Tree branches attach to each other in three main ways: collared, collarless, and codominant unions. Each has a recommended trimming method to prevent regrowth and limit the spread of decay. Improperly trimmed branches may regrow, sprout, or spread decay to the rest of the tree. These are a few of the different types of cuts.
- Thinning: A more drastic form of pruning, a thinning out cut is the removal of an entire shoot, limb, or branch at its point of origin. This is usually employed to revitalize a plant by removing over-mature, weak, problematic, and excessive growths. When performed correctly, thinning encourages the formation of new growth that will more readily bear fruit and flowers. This is a common technique in pruning roses and for implifying and “opening-up” the branching of neglected trees, or for renewing shrubs with multiple branches.
- Topping: is a very severe form of pruning which involves removing all branches and growths down to a few large branches or to the trunk of the tree. When performed correctly it is used on very young trees, and can be used to begin training younger trees for pollarding or for trellising to form an espalier.
- Raising & Reduction: Raising removes the lower branches from a tree in order to provide clearance for buildings, vehicles, pedestrians, and vistas. Reduction reduces the size of a tree, often for clearance for utility lines. Reducing the height or spread of a tree is best accomplished by pruning back the leaders and branch terminals to lateral branches that are large enough to assume the terminal roles (at least one-third the diameter of the cut stem). Compared to topping
There are three main reason for Trimming & Pruning Trees: aesthetic purposes, safety concerns, or to maintain tree health. Removing dead limbs improve trees’ health, appearance, and creates a safer environment under the tree. Raising a tree’s canopy and thinning its crown opens up a landscape and decreases the load of the tree during high wind.
- Dead-wooding: Branches die off for a number of reasons ranging from light deficiency, pests and disease damage to root damage. A dead branch will at some point decay back to the parent stem causing abscission and fall off. This is normally a slow process but can be shortened by high winds and extremities of temperature. Therefore the main reason deadwooding is carried out is safety. The situations that usually demand such removal would normally be trees that overhang public roads, houses, public areas and gardens. Another reason for deadwooding is amenity value, i.e. a tree with a large amount of dead throughout the crown looks more aesthetically pleasing with the deadwood removed. The physical practice of deadwooding can be carried out most of the year although preferably not when the tree is coming into leaf. It will help remove unwanted weight; wind resistance the tree carries and can help the overall balance.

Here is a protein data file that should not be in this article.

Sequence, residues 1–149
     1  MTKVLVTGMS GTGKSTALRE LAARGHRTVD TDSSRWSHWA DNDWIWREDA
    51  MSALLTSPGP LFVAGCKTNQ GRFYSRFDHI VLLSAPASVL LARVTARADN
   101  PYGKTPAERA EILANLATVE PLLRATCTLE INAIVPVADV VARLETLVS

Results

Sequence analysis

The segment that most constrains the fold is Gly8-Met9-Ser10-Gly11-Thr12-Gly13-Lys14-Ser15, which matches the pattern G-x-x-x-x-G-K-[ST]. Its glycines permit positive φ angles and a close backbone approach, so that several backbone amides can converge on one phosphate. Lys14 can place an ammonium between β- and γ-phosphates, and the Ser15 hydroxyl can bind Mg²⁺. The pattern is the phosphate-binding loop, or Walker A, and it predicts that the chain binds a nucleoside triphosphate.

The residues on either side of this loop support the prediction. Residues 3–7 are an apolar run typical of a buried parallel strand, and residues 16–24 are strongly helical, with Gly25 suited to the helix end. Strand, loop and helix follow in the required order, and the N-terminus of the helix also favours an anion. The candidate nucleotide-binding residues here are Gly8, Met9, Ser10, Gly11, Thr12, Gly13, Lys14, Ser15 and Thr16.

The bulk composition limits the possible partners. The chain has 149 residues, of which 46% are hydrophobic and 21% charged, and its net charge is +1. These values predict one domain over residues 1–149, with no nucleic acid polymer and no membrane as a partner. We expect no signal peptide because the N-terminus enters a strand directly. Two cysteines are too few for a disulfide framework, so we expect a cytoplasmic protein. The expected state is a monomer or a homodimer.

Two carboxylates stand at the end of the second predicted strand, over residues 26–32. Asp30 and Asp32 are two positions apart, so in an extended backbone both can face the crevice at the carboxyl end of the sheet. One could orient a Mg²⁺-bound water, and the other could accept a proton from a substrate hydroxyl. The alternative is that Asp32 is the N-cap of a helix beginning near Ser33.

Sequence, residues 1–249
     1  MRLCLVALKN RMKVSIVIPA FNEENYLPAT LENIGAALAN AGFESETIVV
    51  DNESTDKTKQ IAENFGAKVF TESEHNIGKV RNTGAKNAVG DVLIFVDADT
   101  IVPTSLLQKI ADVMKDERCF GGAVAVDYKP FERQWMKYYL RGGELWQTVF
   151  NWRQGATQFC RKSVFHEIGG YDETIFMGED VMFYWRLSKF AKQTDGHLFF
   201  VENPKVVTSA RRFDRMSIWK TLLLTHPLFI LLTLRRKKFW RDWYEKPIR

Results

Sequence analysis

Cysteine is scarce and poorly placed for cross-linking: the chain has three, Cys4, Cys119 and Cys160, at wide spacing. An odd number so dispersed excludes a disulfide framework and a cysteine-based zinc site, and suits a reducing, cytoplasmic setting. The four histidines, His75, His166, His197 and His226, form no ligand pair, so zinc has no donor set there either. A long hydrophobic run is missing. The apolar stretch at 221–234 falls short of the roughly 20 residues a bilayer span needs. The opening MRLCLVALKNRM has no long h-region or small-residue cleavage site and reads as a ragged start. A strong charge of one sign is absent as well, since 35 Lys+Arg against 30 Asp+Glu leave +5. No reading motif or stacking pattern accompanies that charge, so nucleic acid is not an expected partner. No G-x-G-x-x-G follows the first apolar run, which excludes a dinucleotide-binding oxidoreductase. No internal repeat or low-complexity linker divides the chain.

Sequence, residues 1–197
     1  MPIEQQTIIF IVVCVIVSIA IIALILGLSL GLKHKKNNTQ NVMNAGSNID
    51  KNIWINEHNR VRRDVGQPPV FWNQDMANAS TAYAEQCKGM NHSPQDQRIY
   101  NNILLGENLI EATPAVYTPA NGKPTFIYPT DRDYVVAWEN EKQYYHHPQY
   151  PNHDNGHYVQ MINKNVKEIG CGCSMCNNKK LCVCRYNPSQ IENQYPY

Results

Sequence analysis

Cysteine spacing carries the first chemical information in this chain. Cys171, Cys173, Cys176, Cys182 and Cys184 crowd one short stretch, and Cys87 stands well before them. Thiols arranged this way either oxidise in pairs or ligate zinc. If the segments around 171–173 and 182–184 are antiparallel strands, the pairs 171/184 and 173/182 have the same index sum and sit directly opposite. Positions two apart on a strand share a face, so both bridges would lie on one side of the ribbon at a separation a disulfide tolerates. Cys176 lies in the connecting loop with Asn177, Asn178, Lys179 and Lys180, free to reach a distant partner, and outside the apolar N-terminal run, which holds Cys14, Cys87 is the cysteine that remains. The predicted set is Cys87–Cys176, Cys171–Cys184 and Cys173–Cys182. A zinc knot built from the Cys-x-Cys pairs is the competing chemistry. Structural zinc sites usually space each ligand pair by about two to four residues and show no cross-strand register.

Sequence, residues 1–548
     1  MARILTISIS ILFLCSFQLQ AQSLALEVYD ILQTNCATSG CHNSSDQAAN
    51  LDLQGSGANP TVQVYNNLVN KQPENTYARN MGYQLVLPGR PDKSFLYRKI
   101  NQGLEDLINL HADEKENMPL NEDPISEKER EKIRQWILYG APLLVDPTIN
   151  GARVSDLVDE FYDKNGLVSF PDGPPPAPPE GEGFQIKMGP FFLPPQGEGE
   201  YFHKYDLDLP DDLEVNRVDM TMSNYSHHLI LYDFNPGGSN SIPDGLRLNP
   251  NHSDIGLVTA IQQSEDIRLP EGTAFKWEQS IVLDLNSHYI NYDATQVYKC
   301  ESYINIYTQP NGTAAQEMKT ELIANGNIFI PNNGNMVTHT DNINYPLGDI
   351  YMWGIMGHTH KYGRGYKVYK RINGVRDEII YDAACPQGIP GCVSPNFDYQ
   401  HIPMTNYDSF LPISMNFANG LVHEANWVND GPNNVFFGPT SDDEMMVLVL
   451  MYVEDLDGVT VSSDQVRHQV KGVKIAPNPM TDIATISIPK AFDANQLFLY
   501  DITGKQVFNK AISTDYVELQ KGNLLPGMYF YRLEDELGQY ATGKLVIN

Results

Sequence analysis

- Crown & Canopy Thinning: Increase light and reduce wind resistance by selective removal of branches throughout the canopy of the tree. This is a common practice which improves the tree’s strength against adverse weather conditions as the wind can pass through the tree resulting in less “load” being placed on the tree.
- Crown & Canopy Lifting: Crown lifting involves the removal of the lower branches to a given height. The height is achieved by the removal of whole branches or removing the parts of branches which extend below the desired height. The branches are normally not lifted to more than one third of the tree’s total height. Crown lifting is done for access; these being pedestrian, vehicle or space for buildings and street furniture. Lifting the crown will allow traffic and pedestrians to pass underneath safely. When a branch is removed from the trunk, it creates a large wound. This wound is susceptible to disease and decay, and could lead to reduced trunk stability. Therefore much time and consideration must be taken when choosing the height the crown is to be lifted to. This procedure should not be carried out if the tree is in decline, poor health or dead, dying or dangerous (DDD) as the operation will remove some of the photosynthetic area the tree uses. This will increase the decline rate of the tree and could lead to death.